Levi Jordan Plantation House Restoration Project, Brazoria County, Texas


Prewitt and Associates, Inc., Staff:

Douglas K. Boyd, Principal Investigator

Jennifer K. McWilliams, Principal Investigator

Aaron Norment, Project Archeologist

Client: Texas Historical Commission, Historic Sites Division


In 2010, the Texas Historical Commission began a project to stabilize and restore the big house at the Levi Jordan Plantation State Historical Park in Brazoria County, Texas. The 20x60-ft wooden frame, two-story, Greek Revival house was reportedly built in the 1850s by Levi Jordan. When the State of Texas took over the property in 2002, the old house had fallen into disrepair from years of neglect. The THC took over management of the property in 2008, and in 2010 they hired the Austin architectural firm of Volz and Associates, Inc., to do the architectural restoration. Prewitt and Associates, Inc. was contracted to provide archeological services in conjunction with the restoration work. In two separate phases of work in 2010 and 2011, Prewitt and Associates archeologists conducted extensive excavations of features around and underneath the big house.

During this project, PAI archeologists investigated numerous features, including: foundation piers associated with later additions to the plantation house; a chimney footing associated with an east wing behind the house; a chimney foundation associated with a former detached kitchen behind the main house; and two large brick rubble concentrations, a small brick cluster; and a possible rain barrel brick pad around the main house. Features associated with the original 1850s plantation house were also investigated, including a brick patio and walkway, 2 brick-walled cisterns, 2 brick chimney footings, and 15 brick pier pads. All of these mid-nineteenth-century features were constructed of hand-molded bricks that were most likely made onsite by enslaved plantation workers.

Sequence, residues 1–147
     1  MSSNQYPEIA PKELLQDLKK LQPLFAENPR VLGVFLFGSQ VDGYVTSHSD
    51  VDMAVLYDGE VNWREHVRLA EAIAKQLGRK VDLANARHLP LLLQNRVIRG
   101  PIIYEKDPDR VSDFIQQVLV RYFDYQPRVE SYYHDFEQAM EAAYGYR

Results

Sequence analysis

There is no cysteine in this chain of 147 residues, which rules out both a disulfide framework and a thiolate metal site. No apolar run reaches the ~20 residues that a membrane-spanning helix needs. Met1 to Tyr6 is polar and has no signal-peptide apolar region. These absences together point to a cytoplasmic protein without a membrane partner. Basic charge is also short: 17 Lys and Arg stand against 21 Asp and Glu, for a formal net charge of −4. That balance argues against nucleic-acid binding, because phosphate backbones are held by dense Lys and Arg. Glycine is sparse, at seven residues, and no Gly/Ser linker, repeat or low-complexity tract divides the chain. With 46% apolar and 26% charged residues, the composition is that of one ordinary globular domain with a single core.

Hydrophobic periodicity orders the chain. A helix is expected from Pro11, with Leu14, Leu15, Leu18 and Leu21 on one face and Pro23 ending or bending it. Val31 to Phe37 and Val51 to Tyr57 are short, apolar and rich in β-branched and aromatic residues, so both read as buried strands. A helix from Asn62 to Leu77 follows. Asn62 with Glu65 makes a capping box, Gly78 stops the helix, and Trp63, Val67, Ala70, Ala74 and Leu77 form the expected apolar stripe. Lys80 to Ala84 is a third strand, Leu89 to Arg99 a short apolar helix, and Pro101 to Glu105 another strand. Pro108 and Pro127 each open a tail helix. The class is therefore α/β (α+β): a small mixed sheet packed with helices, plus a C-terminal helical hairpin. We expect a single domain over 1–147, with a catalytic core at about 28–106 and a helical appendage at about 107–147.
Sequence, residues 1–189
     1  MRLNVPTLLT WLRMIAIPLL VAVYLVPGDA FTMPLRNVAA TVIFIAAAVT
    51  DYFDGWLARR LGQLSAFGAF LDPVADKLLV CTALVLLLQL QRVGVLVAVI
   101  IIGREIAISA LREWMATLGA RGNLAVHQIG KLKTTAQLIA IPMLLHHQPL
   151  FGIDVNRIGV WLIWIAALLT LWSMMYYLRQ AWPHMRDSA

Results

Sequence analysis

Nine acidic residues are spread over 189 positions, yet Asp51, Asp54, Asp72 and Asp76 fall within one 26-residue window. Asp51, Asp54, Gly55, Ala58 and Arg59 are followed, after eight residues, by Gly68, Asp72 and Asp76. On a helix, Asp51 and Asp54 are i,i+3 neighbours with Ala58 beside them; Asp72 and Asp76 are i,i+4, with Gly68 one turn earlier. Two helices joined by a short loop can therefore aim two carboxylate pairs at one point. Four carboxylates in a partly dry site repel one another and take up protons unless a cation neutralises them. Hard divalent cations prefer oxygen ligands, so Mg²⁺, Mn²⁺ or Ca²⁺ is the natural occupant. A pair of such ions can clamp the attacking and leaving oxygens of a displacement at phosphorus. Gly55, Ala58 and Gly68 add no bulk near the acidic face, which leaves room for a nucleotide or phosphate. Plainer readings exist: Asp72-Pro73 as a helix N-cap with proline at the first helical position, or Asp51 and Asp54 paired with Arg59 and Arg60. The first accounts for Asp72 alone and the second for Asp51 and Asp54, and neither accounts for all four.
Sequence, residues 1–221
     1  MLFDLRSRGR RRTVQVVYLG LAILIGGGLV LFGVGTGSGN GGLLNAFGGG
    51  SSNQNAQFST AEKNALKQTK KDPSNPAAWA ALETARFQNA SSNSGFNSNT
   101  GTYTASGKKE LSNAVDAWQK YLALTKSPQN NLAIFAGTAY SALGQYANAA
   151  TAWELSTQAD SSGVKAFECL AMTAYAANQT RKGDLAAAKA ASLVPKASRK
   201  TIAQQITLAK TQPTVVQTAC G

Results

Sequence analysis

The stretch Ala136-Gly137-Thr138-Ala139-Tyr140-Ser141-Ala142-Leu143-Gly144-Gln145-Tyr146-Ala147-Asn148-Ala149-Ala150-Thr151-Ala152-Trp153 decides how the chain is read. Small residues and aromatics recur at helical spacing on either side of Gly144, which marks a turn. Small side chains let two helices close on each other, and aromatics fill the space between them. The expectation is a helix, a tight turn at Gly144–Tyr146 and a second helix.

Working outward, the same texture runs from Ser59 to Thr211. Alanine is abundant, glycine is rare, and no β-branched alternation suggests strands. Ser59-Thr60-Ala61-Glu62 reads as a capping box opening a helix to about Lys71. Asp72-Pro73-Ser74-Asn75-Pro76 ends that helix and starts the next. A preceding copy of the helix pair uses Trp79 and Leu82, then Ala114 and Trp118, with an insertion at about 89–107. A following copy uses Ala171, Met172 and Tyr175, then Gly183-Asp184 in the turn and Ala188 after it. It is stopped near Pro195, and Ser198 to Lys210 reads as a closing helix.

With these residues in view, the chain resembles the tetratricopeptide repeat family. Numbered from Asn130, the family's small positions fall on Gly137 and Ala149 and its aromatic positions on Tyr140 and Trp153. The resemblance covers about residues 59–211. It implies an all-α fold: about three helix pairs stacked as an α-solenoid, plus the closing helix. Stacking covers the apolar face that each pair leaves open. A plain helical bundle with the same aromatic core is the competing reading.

The archeological investigations revealed many details about the architecture of the original plantation house and the history of subsequent repairs and additions. The evidence provides a better understanding of the building construction sequence and insights into the complex evolution of the Levi Jordan plantation house over its ca. 160-year existence. The most significant find is an 1853 one-dollar gold coin found in the brick pad at the bottom of the southeast corner pier. The coin is a "Liberty Head" dollar minted in Philadelphia (it has no mint mark). This is almost certainly a "date coin" that was placed in this location by Levi Jordan or a master builder during a cornerstone foundation rite. Given the prominent role of Freemasons in the early history of Texas, it is likely that the coin represents a Freemason foundation-laying ritual that was similar to modern cornerstone placement ceremonies conducted by Freemasons. Notably, this coin resolves a long-standing mystery at the Levi Jordan Plantation because it provides an accurate date of 1853 for the beginning of the house construction.




For more information on the Levi Jordan Plantation State Historical Site, go to:





The final report on the Levi Jordan big house archeological investigations is:



May 2013, by Jennifer K. McWilliams, Douglas K. Boyd, and Aaron Norment

Prewitt and Associates, Inc., Reports of Investigations No. 166